But my point isn’t that Gourmet’s closing is sad news for the news industry, although it is. My point is that the way we consume, find, disseminate the news is changing — and not just for the young that Stelter wrote about his piece. I’m far from young. I’m old enough to be the mom of the young. In today’s world, where information is so abundant and comes through so many different modes of delivery, many of us need some help sorting through it all. For me, Twitter helps me do that. Like the college student in the Times story, I’m confident if the news is big enough — it will find me.

As Jay Rosen explains in this Los Angeles Times story, if you follow smart people on Twitter, they can edit the web for you in real time. That’s what happened to me: I follow a large enough critical mass of people whose interests jibe well enough with mine that, even if I hadn’t spotted Reichl’s tweet, I suspect someone else I follow would have clued me into the news.

What does this mean for news organizations?

A great deal. What it doesn’t mean is that Twitter is some savior of the news media. It’s not. It’s a tool, one of many in today’s media-savvy toolbox. To me what this story illustrates is that news organizations need to reinvent their thinking about the group formerly known as the audience. Some of that is happening. More and more news organizations’ websites offers ways for readers to spread the word, recommend stories, connect, share.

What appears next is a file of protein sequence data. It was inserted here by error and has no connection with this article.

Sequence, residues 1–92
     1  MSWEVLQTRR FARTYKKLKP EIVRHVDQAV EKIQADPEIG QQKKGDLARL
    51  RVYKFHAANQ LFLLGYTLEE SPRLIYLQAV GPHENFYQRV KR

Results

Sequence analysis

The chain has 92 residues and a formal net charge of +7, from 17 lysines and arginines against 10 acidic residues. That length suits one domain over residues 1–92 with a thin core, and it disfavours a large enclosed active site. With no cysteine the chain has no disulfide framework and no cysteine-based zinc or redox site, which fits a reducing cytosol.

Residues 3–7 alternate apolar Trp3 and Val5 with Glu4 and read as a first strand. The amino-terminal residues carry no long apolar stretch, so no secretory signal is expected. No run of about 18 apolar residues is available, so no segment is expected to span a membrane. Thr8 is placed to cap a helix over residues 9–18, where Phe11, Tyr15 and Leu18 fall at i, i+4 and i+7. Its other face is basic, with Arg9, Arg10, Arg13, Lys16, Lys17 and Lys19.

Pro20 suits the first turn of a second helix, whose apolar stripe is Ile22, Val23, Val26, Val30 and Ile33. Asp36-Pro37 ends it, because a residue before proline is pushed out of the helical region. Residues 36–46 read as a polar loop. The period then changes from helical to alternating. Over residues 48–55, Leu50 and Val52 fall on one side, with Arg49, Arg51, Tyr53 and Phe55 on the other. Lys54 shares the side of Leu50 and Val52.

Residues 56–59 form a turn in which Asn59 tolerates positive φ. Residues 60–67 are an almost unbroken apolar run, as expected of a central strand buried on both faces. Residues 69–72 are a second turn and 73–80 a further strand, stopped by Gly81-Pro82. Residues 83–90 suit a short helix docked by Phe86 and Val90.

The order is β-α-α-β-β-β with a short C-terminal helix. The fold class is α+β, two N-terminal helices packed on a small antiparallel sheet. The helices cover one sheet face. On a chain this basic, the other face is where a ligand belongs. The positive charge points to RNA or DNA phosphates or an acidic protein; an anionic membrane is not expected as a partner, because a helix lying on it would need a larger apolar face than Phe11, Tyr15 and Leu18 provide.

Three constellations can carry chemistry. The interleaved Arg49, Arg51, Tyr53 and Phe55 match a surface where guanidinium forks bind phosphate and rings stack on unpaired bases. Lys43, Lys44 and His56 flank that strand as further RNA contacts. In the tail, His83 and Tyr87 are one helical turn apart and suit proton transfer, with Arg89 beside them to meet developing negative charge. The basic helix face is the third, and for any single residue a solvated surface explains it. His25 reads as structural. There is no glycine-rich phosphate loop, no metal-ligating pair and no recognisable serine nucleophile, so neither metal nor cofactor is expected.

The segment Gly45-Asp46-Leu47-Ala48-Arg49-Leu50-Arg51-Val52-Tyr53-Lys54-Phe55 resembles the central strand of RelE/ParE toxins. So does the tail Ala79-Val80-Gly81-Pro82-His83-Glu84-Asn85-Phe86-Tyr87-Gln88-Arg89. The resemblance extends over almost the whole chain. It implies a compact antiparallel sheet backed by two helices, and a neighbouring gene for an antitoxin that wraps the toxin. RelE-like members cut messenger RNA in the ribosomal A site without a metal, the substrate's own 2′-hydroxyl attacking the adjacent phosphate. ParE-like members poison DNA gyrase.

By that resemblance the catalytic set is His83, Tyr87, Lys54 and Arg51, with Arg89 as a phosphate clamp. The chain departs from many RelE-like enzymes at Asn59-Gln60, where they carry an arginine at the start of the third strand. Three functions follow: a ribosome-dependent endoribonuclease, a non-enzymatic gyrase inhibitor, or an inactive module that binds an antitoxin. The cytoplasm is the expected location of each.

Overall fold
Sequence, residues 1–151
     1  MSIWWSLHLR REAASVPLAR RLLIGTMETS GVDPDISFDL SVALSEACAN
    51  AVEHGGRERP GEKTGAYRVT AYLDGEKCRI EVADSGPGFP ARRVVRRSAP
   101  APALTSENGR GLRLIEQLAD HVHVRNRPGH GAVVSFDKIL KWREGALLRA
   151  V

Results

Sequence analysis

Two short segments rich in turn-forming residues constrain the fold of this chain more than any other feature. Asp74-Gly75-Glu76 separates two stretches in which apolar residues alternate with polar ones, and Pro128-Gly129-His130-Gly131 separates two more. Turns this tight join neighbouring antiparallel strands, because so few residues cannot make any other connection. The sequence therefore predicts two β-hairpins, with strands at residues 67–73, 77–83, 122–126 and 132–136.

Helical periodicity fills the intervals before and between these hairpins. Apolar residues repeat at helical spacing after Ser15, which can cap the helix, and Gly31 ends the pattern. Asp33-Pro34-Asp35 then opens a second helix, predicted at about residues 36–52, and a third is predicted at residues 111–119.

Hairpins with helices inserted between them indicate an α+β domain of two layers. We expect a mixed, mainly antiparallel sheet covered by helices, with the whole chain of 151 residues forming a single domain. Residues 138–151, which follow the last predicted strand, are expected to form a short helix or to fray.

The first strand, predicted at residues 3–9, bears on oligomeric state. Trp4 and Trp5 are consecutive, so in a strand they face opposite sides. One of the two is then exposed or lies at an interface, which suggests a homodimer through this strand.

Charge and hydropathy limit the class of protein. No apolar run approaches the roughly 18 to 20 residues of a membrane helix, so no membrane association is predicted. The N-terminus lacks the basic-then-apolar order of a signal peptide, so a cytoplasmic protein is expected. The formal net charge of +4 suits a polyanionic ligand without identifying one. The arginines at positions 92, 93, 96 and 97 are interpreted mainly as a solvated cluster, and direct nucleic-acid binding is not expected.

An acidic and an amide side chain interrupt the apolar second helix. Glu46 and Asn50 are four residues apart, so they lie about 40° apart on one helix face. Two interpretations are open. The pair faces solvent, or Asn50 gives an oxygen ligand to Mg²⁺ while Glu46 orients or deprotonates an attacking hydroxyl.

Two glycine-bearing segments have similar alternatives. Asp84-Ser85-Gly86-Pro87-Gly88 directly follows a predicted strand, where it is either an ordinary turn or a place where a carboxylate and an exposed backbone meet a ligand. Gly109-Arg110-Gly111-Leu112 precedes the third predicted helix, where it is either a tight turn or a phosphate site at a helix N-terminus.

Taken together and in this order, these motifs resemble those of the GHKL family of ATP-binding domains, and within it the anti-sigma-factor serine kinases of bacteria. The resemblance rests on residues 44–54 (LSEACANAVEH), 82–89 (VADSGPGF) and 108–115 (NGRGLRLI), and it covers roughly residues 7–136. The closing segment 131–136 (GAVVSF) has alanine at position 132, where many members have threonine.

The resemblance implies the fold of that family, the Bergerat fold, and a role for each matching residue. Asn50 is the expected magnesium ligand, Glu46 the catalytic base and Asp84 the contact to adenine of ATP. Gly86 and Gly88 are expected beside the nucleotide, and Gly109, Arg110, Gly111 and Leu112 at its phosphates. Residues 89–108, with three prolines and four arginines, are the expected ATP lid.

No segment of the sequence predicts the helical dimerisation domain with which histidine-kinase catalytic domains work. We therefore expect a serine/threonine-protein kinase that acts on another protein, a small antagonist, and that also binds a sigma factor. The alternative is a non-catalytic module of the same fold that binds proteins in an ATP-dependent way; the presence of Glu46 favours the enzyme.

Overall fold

But to fully capture the value of this merger of the sender/receiver model, news organizations need to more fully embrace social media, rather than dabble in it.

The point of using social media isn’t that Facebook is popular and lots of people, particularly young people, hang out there. The point is the way people find the news today is they expect it to find them. If news organizations want to be valuable to their readers’, they not only need great content and interactive features, they need to to use these features. To me, what that means for news organizations is their staffs need to understand social media better than the readers, so they can lead, rather than follow.

There’s a theory in computer science called the technology acceptance model, which basically holds that people use technologies that seem useful and easy to use. Like many theories that have wide support, it makes common sense. What does that mean for news organizations? If they want their readers to embrace interactive features on their sites, these features must not be hidden or confusing or clunky. These interactive features can’t be things that news organization let readers use, but that they don’t let their employees delve into and fully explore. And news organizations can’t whip their employees into such a frenzy of fear that they might violate some internal social-media rule that the employees don’t bother to try anything new.

Why? Because in the final analysis, the news organizations — whether they be traditional newspapers or online-only news sources — that thrive and survive will be the ones where their news finds the most people.

POSTED     Oct. 7, 2009, 10:27 a.m.